Publication Date

June 2006


[Excerpt] Public colleges and universities are in danger of losing their place as engines of social mobility and generators of knowledge. State appropriations to public colleges and universities, as a share of their overall budgets, have been shrinking since the 1980s even as enrollments have climbed. The resulting financial pressures have led to tuition hikes, cutbacks in the number of full-time and tenure-track faculty, reduced support for low- and middle-income students, and fewer subsidies for graduate students. Despite the widely acknowledged social good produced by public higher education, many policymakers hold to the view that the individual beneficiaries should pay more of its cost, especially now that the education-based income gap is widening. Decreased state funding also reflects policymakers’ assumption that forcing public institutions to behave more like private institutions, which have long competed for resources, will eliminate waste and boost efficiency.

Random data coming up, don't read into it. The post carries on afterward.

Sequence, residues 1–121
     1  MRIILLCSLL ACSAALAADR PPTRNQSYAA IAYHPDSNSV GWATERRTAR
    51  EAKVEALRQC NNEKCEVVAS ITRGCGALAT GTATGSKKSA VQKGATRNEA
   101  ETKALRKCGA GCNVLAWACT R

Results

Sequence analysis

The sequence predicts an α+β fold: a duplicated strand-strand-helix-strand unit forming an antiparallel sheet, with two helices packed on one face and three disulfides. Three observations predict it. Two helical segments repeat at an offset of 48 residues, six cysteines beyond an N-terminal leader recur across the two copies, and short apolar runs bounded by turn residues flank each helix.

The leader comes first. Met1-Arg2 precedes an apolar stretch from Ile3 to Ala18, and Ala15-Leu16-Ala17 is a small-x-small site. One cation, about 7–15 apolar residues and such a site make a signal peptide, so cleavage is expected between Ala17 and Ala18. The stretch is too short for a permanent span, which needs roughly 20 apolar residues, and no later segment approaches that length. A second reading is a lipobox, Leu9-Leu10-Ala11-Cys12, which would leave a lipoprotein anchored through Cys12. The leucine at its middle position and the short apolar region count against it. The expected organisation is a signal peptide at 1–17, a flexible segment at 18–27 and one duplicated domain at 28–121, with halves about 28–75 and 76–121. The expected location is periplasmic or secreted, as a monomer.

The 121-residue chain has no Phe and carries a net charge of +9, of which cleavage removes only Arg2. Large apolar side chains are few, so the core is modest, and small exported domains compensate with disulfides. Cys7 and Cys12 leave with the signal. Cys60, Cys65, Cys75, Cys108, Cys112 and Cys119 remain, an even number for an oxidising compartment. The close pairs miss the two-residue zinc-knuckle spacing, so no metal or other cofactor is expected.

Suggested Citation
Ehrenberg, R. G. (2006). The privatization of public higher education: Can we afford it? (Impact Brief #8). Ithaca, NY: School of Industrial and Labor Relations, Cornell University.

The ILR Impact Brief series highlights the research and project based work conducted by ILR faculty that is relevant to workplace issues and public policy. The Briefs are prepared by Maralyn Edid, Senior Extension Associate, ILR School.

Required Publisher Statement
Copyright by Cornell University.